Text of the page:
Constrain errors to be equal
Message/Author
 Manja Vollmann posted on Thursday, November 12, 2009 - 6:56 am
Hi,

I want to run a APIM with indistinguishable dyads.
For this, I have to constrain the error terms to be equal. I know how to constrain means/intercepts and paths to be equal, but cannot find how to do this with error terms. Could you please give advice.

Thank you very much,
Manja
 Linda K. Muthen posted on Thursday, November 12, 2009 - 9:03 am
If the two variables are y1 and y2, you say:

y1 (1);
y2 (1);
 Manja Vollmann posted on Thursday, November 12, 2009 - 10:38 am
Dear Linda,

Thank you for your prompt response.

I have one more question: As I understood correctly the term
[x1 x2] (1);
constrains the means of x1 and x2 to be equal. Can I also constrain the variances of the two variables to be equal?

Thanks again,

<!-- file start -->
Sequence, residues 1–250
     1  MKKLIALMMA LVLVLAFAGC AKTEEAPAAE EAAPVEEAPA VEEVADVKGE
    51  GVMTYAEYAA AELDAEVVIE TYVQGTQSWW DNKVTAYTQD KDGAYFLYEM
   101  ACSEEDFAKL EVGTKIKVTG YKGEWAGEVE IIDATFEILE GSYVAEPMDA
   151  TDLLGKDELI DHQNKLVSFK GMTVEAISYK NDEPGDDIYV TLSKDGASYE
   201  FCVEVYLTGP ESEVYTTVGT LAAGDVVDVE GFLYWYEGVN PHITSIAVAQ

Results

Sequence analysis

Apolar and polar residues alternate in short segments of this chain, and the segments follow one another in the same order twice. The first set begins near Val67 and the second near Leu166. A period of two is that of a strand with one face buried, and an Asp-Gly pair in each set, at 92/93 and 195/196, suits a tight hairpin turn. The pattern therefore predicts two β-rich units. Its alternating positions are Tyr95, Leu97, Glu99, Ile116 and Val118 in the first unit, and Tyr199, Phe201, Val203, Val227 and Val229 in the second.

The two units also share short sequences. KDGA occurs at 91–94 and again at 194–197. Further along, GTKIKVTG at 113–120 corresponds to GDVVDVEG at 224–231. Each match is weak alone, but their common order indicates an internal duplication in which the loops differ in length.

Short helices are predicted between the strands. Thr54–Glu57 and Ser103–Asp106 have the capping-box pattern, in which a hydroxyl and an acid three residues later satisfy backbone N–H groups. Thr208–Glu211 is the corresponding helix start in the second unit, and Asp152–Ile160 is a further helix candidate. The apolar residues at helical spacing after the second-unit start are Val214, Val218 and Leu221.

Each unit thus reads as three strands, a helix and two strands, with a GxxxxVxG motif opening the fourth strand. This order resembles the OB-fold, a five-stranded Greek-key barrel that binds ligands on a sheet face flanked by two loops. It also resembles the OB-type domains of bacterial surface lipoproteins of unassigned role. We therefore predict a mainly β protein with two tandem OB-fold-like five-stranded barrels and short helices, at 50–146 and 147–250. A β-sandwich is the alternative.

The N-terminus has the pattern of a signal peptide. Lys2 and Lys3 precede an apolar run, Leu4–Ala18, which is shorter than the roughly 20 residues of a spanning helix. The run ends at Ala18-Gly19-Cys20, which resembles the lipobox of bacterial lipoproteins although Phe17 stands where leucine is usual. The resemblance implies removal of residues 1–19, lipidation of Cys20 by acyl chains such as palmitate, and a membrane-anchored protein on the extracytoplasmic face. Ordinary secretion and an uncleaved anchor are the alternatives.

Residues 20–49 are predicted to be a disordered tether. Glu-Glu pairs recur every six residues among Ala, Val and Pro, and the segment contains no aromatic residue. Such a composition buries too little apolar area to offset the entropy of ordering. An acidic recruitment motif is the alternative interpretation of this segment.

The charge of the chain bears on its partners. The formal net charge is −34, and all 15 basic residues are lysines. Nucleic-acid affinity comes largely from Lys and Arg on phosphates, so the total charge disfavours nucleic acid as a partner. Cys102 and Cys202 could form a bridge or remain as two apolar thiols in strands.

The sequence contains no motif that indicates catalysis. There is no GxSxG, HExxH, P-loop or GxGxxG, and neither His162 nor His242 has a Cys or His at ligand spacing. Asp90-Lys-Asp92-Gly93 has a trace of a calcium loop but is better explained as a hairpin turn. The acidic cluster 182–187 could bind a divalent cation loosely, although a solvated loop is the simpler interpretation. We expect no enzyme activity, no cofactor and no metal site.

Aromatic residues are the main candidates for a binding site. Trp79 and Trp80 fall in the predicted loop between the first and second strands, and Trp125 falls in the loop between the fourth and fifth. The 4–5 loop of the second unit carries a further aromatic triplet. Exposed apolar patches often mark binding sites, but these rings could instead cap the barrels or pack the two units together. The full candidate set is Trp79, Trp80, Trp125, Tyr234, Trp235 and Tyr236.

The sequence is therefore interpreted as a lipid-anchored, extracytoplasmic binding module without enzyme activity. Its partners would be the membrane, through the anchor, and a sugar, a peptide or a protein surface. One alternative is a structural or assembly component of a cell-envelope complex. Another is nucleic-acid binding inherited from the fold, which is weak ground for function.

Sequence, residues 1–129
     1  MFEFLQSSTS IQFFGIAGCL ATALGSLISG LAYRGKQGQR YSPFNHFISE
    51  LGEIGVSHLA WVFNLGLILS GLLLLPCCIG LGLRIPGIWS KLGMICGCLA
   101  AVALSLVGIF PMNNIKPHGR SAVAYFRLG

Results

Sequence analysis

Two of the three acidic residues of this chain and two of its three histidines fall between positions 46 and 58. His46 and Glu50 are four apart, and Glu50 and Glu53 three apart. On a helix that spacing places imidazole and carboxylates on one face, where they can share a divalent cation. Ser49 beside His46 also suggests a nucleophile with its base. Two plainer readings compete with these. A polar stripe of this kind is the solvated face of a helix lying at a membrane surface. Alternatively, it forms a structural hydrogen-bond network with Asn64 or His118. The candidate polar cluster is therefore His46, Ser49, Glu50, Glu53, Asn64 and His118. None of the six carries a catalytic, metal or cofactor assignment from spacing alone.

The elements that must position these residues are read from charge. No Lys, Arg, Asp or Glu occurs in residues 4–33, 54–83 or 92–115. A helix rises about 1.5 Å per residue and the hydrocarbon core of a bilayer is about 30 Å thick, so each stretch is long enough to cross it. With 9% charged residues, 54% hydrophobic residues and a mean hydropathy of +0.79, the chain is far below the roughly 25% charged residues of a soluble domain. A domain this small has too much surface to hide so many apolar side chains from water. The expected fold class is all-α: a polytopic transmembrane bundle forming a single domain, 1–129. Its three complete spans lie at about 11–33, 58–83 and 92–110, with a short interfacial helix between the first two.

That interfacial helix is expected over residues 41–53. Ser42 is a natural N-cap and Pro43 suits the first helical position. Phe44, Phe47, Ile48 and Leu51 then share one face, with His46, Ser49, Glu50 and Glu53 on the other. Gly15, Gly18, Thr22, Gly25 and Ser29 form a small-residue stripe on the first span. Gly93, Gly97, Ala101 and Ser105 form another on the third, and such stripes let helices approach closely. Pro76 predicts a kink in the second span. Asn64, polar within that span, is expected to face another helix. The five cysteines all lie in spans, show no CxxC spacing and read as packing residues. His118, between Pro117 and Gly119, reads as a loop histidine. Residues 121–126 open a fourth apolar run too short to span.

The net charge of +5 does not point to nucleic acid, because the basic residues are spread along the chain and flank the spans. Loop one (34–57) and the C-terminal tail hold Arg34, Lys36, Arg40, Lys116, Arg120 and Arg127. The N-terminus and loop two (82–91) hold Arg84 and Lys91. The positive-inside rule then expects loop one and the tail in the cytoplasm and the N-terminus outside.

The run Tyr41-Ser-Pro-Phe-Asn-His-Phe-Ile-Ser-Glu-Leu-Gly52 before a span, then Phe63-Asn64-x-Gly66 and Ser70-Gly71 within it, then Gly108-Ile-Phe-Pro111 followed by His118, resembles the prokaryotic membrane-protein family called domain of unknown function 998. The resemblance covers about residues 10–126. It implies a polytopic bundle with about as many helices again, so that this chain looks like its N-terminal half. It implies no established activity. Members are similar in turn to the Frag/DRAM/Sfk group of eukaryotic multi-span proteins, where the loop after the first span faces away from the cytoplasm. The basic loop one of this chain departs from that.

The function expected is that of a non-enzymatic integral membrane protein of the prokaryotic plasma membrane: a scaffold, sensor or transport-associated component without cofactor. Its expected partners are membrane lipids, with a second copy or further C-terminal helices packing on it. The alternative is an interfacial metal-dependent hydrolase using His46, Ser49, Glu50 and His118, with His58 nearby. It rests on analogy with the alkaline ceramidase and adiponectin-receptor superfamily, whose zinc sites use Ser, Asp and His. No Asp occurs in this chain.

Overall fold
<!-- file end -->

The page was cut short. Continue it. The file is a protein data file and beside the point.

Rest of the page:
Manja
 Linda K. Muthen posted on Thursday, November 12, 2009 - 11:15 am
What I showed above or

y1 y2 (1);

holds variances or residual variances equal. Variances are estimated for exogenous variables. Residual variances are estimated for endogenous variables. The specification is the same.
 Lisa Aschan posted on Wednesday, July 18, 2012 - 7:04 am
Hi,

I am trying to constrain two residual errors to be equal but when I do what is suggested above I don't get fit indices and the the following message appears:

THE MODEL ESTIMATION TERMINATED NORMALLY

THE STANDARD ERRORS OF THE MODEL PARAMETER ESTIMATES COULD NOT BE
COMPUTED. THE MODEL MAY NOT BE IDENTIFIED. CHECK YOUR MODEL.
PROBLEM INVOLVING PARAMETER 42.

Parameter 42 are the parameters in the psi table which I have tried to constrain. My syntax looks like this:

USEVARIABLES are
pw1 x7 x9 x1 x2 x3 x4 phouse x5 x10 x11 x6 x8;
CATEGORICAL are
x9 x1 x2 x3 x4 x5 x10 x11 ;
MISSING are all (-99) ;
CLUSTER is
phouse ;
WEIGHT is
pw1 ;
Analysis:
Type = complex ;
parameterization = theta ;
Model:
F1 by x1* x2 x3 x4 x5;
F1@1 ;
x11 on F1;
x11 on x10;
x10 on F1;
x10 x11 (1);
F1 with x7;
F1 with x8 ;
F1 with x6 ;
x7 with x6 @0;
x8 with x7 ;
x8 with x6 ;
x5 with x4;
x9 on F1 ;
x9 on x6 ;
x9 on x7 ;
x9 on x8 ;
x10 on x6 ;
x10 on x8 ;
x10 on x9 ;
x11 on x9 ;
x11 on x7 ;
x11 on x8 ;

I would very much appreciate any guidance you might be able to give.
 Linda K. Muthen posted on Wednesday, July 18, 2012 - 11:27 am